US Secretary of State John Kerry announced a new Middle East peace envoy on Monday, as he prepared to receive Israeli and Palestinian diplomats in Washington and President Barack Obama praised their return to the negotiating table after a three-year hiatus.

"During my March visit to the region, I experienced first-hand the profound desire for peace among both Israelis and Palestinians, which reinforced my belief that peace is both possible and necessary," President Obama said in a statement.

"The most difficult work of these negotiations is ahead, and I am hopeful that both the Israelis and Palestinians will approach these talks in good faith and with sustained focus and determination," he added.

"This is a promising step forward, though hard work and hard choices remain ahead," Obama said.

"The United States stands ready to support them throughout these negotiations, with the goal of achieving two states, living side by side in peace and security."

Kerry said he was seeking "reasonable compromises" in Israeli-Palestinian talks as they were set to start Monday evening.

"Going forward it is no secret this is a difficult process. If it were easy, it would have happened a long time ago," Kerry told reporters.

"It is no secret, therefore, that many difficult choices lie ahead for the negotiators and for the leaders as we seek reasonable compromises on tough, complicated, emotional and symbolic issues."

Kerry announced Monday that former US ambassador to Israel Martin Indyk will be Washington's Middle East peace envoy.

The talks follow an intense effort by Kerry to bring both parties together.

Indyk served twice as the US ambassador to Israel, first from 1995 to 1997 and later from 2000 to 2001, according to his biography at the Brookings Institution in Washington, where he directs the think tank's foreign policy program.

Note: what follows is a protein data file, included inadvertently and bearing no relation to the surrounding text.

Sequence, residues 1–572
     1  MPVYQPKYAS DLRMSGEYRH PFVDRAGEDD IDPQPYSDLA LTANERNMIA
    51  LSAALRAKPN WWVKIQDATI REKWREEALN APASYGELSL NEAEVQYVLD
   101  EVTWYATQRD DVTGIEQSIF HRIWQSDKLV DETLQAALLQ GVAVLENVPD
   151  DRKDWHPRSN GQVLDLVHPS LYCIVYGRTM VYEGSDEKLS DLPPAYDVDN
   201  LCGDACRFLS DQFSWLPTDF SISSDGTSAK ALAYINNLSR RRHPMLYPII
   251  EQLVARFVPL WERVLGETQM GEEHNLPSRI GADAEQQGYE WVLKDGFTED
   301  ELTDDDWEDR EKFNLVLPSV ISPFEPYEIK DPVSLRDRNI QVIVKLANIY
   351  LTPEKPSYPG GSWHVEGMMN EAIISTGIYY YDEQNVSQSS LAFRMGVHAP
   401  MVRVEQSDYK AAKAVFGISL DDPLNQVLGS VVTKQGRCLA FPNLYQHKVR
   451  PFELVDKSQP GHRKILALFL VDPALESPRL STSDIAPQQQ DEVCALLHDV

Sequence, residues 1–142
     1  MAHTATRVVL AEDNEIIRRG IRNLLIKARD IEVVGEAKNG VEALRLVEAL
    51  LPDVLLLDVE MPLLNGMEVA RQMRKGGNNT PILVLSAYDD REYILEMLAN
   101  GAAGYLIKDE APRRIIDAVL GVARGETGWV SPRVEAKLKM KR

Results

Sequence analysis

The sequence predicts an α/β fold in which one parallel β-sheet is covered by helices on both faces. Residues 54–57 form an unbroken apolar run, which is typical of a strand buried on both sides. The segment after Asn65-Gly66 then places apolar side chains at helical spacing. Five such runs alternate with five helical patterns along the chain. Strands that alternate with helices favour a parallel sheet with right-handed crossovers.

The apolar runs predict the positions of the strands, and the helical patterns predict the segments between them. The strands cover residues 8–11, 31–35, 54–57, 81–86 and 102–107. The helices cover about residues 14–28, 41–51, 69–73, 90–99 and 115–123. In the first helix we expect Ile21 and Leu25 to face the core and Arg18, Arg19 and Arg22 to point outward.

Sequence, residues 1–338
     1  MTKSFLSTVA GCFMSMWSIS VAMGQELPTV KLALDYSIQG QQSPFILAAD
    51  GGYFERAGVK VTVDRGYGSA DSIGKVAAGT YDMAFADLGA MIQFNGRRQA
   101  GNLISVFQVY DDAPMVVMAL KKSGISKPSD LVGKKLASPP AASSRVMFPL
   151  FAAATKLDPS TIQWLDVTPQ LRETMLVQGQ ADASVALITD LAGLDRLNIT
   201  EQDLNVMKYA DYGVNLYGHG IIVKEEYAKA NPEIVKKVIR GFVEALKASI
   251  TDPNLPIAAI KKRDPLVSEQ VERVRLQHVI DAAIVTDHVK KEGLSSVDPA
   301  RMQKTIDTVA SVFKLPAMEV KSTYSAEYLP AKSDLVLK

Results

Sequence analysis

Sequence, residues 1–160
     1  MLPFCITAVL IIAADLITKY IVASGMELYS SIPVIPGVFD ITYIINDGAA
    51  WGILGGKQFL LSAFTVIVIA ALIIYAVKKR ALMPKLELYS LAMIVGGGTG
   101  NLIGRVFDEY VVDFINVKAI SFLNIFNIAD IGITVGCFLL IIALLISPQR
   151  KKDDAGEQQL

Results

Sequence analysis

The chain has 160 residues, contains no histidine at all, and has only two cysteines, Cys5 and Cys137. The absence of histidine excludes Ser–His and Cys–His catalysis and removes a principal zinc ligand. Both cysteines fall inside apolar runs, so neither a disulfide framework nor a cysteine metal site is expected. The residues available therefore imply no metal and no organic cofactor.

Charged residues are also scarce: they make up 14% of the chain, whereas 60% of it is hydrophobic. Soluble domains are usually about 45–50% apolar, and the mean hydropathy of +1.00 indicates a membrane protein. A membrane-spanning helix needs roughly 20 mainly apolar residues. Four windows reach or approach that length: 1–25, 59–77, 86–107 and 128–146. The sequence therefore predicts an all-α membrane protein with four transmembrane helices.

Indyk has also worked as director for Near East and South Asian affairs at the National Security Council and as an assistant secretary of state for Near Eastern affairs.

He is the author of "Innocent Abroad: An Intimate Account of American Peace Diplomacy in the Middle East."

Justice Minister Tzipi Livni and Prime Minister Binyamin Netanyahu's handpicked envoy Yitzhak Molcho arrived in New York moments ago, according to Israeli media reports.

Livni and Molcho are heading the Israeli negotiating team that will participate in peace talks with the Palestinian Authority that are due to begin Monday evening in Washington.

Israel Radio reported that Livni and Molcho met with UN Secretary-General Ban Ki-moon just prior to their departure for Washington.

French Foreign Minister Laurent Fabius on Monday hailed the resumption of Israeli-Palestinian peace talks.

Fabius vowed, in a statement released by his office, that France would spare no effort to help with the negotiations and would one day hope to participate in the implementation of a peace agreement.

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